26/11 has not dented its popularity in India – Pakistani band

December 11, 2009

Pakistani band Strings 200x132New Delhi, Performing in India for the first time after the 26/11 Mumbai attacks last year, Pakistani band Strings said the terror attacks have not affected their popularity here nor did it affect the sale of their music albums.

“The terror attacks did not affect the response of the people towards us,” Bilal Maqsood, the main member of the pop band, told IANS before its performance at the picturesque Purana Qila in Delhi Friday night.

“Music has no boundaries. Once you hear a song, it is the melody of that song that captures your heart and you forget the divide between Pakistan and India,” he said.

Faisal Kapadia, the lead vocalist of the band, added: “We have been getting a tremendous response for all our albums from the Indian audiences and we hope it continues that way.”

Hugely popular in India, Strings has given a number of performances here. Among their well known numbers are “Duur”, “Dhaani” and “Koi Aane Wala Hai”.

To avoid any repercussions of the 26/11, the band called off one of its concerts in Pune last December, right after the attacks in Mumbai that left 166 people killed.

“Though we did have a concert Dec 1 last year in Pune, we decided to cancel it since we felt the atmosphere was very tense and people were not in the frame of mind to enjoy the music. The wounds of terror attacks were still very fresh,” Faisal said.

Deeply affected by the terror situation in their own country, they are now composing a patriotic song on the theme.

Bilal, who has penned the lyrics of the song, “Humko khudi kuch karna padega”, said: “It’s the whole region, including Pakistan, that has been inflicted by these terror attacks and our song tries to encourage people to take the string of their destiny in their own hands without blaming other people for the mess around.”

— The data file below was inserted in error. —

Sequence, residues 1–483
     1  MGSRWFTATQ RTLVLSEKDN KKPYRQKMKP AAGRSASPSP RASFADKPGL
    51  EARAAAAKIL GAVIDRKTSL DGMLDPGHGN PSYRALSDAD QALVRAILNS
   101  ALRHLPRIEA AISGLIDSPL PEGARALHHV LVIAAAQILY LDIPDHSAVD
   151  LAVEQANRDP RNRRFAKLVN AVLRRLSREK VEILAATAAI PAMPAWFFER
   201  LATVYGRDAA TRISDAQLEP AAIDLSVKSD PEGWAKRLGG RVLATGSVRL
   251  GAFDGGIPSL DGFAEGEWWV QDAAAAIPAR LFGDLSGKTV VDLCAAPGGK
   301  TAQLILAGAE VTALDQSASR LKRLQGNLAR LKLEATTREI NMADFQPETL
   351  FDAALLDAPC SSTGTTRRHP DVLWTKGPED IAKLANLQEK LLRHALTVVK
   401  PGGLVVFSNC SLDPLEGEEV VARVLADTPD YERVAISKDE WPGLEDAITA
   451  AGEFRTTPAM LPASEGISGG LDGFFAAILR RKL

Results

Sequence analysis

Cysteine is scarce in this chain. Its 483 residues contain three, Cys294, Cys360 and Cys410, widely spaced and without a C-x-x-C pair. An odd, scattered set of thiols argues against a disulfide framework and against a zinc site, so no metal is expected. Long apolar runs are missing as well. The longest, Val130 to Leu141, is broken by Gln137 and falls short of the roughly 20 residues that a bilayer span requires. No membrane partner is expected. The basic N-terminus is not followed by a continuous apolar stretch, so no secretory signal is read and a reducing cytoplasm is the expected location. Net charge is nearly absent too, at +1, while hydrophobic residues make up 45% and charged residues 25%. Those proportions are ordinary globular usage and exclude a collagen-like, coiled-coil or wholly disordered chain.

The song will be composed with Atif Aslam, another popular Pakistani singer, in the next few months.

Dispelling myths that it’s only qawwalis and Sufi music that interests people in Pakistan, the duo said that 90 percent of the music playing in the television there is either pop or Bollywood.

Talking about their music, Faisal said the main reason their songs catch on with the crowds is they are honest.

“Our songs are straight from the heart. You can have a lot of thumping and banging but ultimately melody is the king. Along with meaningful lyrics,” Faisal said.

“And the signature sound of the band which is so unique. The harmony that we have amongst us is ultimately translated into the sound that we create and that attracts people. Our performances are very spontaneous, according to the mood of the audience,” he added.

Strings is one of the 15 bands who will perform in Delhi for three days starting Friday as a part of the South Asian Bands Festival.



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